ObamaCare – Yes and No

Health care reform

It is kind of crazy that two separate courts made two opposite rulings on ObamaCare. Both courts were looking at the same thing – are subsidies for ObamaCare legal?

From Abbe Gluck -

As Marty notes, the opinion is out. Initial quick reaction, more to come:  The opinion is terribly disappointing from a statutory interpretation perspective. It relies in part on irrelevant legislative history (from the HELP committee, whose bill wasn’t even the basis for these provisions–the Finance committee’s was) and gets it wrong anyway (as I argued here);  it bends over backwards to come up with reasons why Congress might have intended this result (which we all know it certainly did not); and it attaches far too much significance to a line in the statute that expressly deems exchanges in the territories to be state exchanges and does not replicate the special deeming language for the federal exchanges.  The territories language is boilerplate language used by Congress when talking about territories in statutes even beyond the ACA, and should have been attached no significance here. What’s more, applying the exclusio unius presumption  (that when Congress specifies X we can assume that it meant not to specify X elsewhere) to a statute as long and complicated as the ACA — and one that did not go through the usual linguistic “clean up” process in Conference (as I wrote here) does a disservice to textualism and all those who have defended it over the years–turning it into a wooden unreasonable formalism  rather than the sophisticated statutory analysis that textualists have been claiming they are all about.

Who is Abbe Gluck? Continue reading

William Barber, Moral Fusion Movement

Moral Fusion Movement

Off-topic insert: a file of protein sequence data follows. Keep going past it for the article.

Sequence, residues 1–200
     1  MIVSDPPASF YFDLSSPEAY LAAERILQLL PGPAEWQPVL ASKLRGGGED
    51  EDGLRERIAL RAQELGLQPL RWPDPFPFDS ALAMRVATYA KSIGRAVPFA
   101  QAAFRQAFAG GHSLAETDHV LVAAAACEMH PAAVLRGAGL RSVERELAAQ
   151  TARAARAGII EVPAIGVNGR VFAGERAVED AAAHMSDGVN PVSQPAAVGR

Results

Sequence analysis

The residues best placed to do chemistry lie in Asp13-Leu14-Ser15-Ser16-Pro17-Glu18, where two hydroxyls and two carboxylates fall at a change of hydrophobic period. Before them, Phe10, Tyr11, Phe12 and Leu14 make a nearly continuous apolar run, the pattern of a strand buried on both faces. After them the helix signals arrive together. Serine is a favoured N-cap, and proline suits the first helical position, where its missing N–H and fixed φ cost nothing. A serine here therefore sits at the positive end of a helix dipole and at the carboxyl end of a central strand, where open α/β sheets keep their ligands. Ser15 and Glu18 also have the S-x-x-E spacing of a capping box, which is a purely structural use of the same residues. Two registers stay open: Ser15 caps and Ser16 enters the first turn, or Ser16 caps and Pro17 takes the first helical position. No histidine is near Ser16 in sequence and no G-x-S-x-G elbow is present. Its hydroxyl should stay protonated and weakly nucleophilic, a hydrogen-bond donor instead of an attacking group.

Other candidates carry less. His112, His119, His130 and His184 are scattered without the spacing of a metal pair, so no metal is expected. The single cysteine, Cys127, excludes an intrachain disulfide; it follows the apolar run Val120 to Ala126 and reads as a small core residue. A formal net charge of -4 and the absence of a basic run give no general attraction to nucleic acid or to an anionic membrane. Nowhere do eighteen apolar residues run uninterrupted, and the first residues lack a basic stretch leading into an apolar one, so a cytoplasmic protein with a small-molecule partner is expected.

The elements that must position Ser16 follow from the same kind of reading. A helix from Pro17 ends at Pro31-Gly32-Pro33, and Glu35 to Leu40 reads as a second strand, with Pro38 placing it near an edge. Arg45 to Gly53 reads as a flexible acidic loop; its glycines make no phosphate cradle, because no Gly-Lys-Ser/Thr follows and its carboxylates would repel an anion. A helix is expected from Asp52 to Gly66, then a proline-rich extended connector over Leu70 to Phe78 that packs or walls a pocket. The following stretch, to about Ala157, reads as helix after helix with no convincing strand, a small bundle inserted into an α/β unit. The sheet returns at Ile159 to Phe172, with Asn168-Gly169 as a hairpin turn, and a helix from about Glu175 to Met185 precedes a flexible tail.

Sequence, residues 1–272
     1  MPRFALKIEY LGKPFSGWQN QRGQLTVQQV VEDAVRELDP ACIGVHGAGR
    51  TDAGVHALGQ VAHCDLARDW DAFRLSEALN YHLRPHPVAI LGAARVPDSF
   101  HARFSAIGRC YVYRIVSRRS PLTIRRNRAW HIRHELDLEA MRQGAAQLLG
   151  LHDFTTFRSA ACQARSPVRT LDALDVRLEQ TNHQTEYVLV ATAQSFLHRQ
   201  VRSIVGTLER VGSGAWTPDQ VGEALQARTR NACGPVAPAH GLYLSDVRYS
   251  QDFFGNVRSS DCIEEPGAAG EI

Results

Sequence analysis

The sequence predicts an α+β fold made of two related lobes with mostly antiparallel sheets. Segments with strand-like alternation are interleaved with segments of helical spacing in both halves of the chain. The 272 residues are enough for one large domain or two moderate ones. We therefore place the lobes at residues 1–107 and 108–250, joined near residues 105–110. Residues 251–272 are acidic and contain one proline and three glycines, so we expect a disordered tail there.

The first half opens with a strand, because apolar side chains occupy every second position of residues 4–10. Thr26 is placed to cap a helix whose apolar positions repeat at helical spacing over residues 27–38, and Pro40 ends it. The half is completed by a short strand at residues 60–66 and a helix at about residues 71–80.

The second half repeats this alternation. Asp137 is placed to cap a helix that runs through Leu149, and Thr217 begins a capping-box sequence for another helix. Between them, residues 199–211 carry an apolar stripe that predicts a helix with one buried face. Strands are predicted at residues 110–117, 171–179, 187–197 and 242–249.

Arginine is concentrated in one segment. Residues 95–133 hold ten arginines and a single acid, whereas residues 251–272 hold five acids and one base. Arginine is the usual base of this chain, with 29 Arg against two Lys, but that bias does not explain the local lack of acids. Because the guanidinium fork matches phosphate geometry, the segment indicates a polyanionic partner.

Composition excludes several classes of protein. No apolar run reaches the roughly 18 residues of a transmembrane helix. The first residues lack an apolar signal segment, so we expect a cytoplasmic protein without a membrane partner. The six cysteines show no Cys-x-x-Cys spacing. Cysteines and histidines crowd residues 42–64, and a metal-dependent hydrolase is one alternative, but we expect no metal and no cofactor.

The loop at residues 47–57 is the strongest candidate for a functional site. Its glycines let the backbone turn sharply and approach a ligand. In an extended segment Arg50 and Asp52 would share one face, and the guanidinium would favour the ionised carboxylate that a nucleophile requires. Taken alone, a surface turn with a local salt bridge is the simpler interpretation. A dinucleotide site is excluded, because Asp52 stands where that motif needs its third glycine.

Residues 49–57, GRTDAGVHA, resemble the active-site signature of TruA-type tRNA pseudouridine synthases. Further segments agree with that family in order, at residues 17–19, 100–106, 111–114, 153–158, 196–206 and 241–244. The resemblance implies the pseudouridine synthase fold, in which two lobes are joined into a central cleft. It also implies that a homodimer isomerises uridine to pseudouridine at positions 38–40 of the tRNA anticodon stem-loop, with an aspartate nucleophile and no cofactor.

If you have not heard the Reverend William Barber speak, you’re missing an event. I had the privilege of sharing the stage with him a couple of years ago. Although my speech was awesome… his was far better. What I really admire about Reverend Barber is the fact that he truly wants to build a movement. He has been thinking about this and studying the problem for years.

“Woe unto them that decree unrighteous decrees, and that write grievousness which they have prescribed” (Isaiah 10:1).

This the Moral Fusion Agenda:

  • Secure prolabor and anti-poverty policies that ensure economic sustainability
  • Educational equality that ensures that every child gets a high quality public education (this includes access to colleges and junior colleges)
  • Healthcare for all (this includes providing environmental protection for all communities)
  • Fairness in the criminal justice system by addressing continued inequality in the system and providing equal protection for black, brown and poor white Americans
  • Protecting and expanding voting rights, women’s rights, LGBT rights, immigrants rights and the fundamental principle of equal protection under the law

BTW, there is another recording of Reverend Barber’s speech to Netroots. This other recording was taken by someone in the audience. You can really hear the audience applause and reactions, which makes his speech much more enjoyable. IMHO.

James Garner

James Garner

I grew up in the late 1960s and 1970s. I watched James Garner on the small screen and the big-screen. In the late ’60s, all of these independent television stations were just popping up in Dallas. They had 24 hours of airtime to fill. They played reruns – I Love Lucy, Make Room for Daddy, Mister Ed and Maverick, to name a few. Maverick, set in the old wild West, was a new type of character. He wasn’t the John Wayne and Marlon Brando type. Instead, he was the type of hero who would rather play cards (always poker) and chase women than risk his life against some cattle-rustling bad guy. Although he knew how to use a gun and could use it well, Brett Maverick would rather outsmart his bad guys, leaving them holding a bag full of funny money while he got away with the girl and the real money.

A similar character found James Garner in the late 1970s. Here he played Jim Rockford in the Rockford Files. Again, we had those rough-and-tumble detectives in the mid-1970s. We had Kojak, Mannix, Starsky and Hutch (I’m sure there were a few others). During that time, all police officers and private eyes were “cool.” Jim Rockford was the anti-cool. He was living in a trailer. He borrowed money from his father constantly. But somehow, Jim Rockford was an incredibly enjoyable character.

James Garner’s always been one of my favorite actors. He made movies that, at least for me, were enjoyable. They weren’t terribly thought-provoking. They didn’t start a movement. When you left the movie, you probably had a smile on your face.

James Garner died yesterday at the age of 86. My prayers go out to his family.